Syrian President Bashar al-Assad has spoken for the first time about the Turkish jet incident, telling a Turkish newspaper he wishes his military had not shot down the jet last month and adding that he will not allow tension between the two neighbors to deteriorate into an armed conflict.
Syrian forces shot down the RF-4E Phantom, an unarmed reconnaissance version of the F4 fighter jet which according to Ankara was on a solo mission to test domestic radar systems and was hit in international airspace after it briefly strayed into Syrian airspace, on June 22.
Syria described the incident as an act of self-defense. Turkey, while saying the act would “not go unpunished,” emphasized that it does not intend to go to war with Syria.
Assad offered no apology for the downing of the plane, insisting that it was shot down over Syria, and that his forces acted in self-defense. He added that Syria would have apologized if the plane had been shot down in international airspace, and argued that the rise of tensions could have been prevented if channels of communication between the two militaries had remained open.
He said that the plane was flying in a corridor inside Syrian airspace that had been used by Israeli planes in 2007 when they bombed a building under construction in northern Syria.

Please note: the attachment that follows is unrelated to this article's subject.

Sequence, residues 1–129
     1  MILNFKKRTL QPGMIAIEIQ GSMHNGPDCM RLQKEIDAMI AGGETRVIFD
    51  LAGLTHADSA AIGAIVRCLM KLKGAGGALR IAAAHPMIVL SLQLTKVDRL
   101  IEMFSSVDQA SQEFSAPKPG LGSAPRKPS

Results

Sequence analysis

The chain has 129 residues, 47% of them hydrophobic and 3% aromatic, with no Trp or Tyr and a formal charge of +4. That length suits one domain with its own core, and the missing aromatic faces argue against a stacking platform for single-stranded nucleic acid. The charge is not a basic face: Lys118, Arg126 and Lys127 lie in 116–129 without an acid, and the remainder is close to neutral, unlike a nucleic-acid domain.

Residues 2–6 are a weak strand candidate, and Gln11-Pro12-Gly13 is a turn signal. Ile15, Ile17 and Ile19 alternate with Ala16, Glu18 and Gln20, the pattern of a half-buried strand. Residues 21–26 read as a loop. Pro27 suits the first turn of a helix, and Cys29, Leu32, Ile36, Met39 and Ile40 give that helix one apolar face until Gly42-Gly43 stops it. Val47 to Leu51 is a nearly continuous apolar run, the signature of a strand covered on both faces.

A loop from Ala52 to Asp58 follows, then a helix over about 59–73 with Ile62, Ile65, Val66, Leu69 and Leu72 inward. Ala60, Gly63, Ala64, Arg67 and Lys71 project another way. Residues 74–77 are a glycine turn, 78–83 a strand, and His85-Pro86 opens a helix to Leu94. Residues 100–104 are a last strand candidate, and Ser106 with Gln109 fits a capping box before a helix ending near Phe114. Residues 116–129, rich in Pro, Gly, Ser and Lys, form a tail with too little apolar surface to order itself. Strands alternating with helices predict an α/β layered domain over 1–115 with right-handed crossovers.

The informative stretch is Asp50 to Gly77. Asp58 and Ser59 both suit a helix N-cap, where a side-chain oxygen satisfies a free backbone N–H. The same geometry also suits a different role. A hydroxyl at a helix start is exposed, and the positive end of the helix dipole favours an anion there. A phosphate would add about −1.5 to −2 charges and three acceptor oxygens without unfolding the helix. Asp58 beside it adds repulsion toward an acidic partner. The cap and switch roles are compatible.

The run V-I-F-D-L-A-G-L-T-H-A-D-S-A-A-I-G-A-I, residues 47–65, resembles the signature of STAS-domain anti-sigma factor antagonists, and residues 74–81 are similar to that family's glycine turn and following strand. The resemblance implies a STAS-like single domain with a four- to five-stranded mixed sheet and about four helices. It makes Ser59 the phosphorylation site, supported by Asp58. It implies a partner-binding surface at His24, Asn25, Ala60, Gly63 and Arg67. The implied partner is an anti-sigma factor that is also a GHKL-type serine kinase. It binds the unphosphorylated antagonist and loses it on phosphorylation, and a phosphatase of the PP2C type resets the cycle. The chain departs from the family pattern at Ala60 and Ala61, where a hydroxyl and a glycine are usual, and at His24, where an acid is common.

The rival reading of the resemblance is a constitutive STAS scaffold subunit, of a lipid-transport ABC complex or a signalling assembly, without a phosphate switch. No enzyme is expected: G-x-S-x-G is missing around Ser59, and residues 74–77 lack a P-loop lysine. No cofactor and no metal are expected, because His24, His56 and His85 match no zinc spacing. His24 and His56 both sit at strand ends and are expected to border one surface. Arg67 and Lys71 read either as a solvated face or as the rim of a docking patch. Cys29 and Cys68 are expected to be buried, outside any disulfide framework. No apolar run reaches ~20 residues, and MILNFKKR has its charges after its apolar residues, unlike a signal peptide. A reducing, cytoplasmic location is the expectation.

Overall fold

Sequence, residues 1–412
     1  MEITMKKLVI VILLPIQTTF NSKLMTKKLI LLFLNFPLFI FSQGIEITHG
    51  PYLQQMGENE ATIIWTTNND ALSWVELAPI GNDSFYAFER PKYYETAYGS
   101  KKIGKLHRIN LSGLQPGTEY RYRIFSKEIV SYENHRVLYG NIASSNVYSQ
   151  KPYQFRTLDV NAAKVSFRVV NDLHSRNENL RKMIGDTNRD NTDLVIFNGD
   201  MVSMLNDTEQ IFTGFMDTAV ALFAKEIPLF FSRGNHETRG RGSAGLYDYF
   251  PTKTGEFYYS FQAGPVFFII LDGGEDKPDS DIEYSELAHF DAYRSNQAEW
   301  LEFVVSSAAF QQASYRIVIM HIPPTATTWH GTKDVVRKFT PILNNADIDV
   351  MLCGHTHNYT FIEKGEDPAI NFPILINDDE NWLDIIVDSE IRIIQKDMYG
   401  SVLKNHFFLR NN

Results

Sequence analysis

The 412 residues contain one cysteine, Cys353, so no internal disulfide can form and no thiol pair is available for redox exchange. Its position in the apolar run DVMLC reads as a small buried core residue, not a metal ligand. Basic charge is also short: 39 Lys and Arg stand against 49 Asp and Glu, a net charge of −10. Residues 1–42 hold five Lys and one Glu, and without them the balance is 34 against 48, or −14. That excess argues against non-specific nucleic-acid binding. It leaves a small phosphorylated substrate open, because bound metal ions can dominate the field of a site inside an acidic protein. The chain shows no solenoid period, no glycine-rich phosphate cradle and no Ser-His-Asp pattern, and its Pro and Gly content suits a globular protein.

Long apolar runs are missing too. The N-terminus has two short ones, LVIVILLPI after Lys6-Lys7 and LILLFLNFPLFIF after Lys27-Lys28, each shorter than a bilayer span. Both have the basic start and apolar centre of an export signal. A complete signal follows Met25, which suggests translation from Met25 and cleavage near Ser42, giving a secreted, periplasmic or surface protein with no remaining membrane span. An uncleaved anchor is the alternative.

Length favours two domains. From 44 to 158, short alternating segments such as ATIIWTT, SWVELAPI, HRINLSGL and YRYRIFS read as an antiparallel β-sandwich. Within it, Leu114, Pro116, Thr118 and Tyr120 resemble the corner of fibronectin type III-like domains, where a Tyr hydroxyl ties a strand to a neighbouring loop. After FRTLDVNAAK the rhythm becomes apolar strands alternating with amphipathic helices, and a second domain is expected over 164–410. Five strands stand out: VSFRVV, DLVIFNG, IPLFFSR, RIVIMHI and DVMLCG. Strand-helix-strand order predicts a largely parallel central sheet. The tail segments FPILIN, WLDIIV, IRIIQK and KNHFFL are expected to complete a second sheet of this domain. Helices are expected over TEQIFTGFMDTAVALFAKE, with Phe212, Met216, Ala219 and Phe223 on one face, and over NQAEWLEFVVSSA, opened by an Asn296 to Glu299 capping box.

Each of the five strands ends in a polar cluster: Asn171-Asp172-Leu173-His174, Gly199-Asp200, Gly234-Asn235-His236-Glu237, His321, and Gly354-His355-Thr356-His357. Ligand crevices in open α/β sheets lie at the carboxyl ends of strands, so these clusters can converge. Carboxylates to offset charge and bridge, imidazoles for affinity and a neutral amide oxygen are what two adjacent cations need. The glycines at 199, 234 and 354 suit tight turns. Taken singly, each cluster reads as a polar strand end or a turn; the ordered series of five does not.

“The plane was using the same corridor used by Israeli planes three times in the past,” said Assad, adding Syrian forces shot it down because the plane didn’t appear on their radar and they were not informed about it. “Of course I might have been happy if this had been an Israeli plane,” said the Syrian president.
“We learned that it [the plane] belonged to Turkey after shooting it down. I say 100 percent, I wish we had not shot it down,” said Assad. “We are in a state of war, so every unidentified plane is an enemy plane. Let me state it again: We did not have the slightest idea about its identity when we shot it down,” said Assad.
When asked whether the increased friction between Syria and Turkey could lead to war, Assad said he would not allow the tension to turn into open combat between the two countries, which would harm them both.
He also said Syria had not and would not build up its military forces along the Turkish border, whatever action Turkish Prime Minister Recep Tayyip Erdoğan’s government takes. Turkey started to send reinforcements to the border after Erdoğan said the Turkish military had been given instructions to treat any approaching Syrian military unit as a threat.
Commenting for the first time on a UN-brokered plan for a political transition in Syria that was adopted by world powers at a conference in Geneva on Saturday, Assad said he was satisfied with the communiqué from the meeting. “There is only [one] thing that interests me in the text. It is this sentence: ‘The future of Syria will be decided by the Syrian people,’ which is enough for me,” said Assad.
“I would, of course, leave if millions didn’t want me. Why would I stay? I’ve never had any interest in this [presidential] seat. I would not stay as a president for even a single day if the salvation of my nation and country depended on my departure.”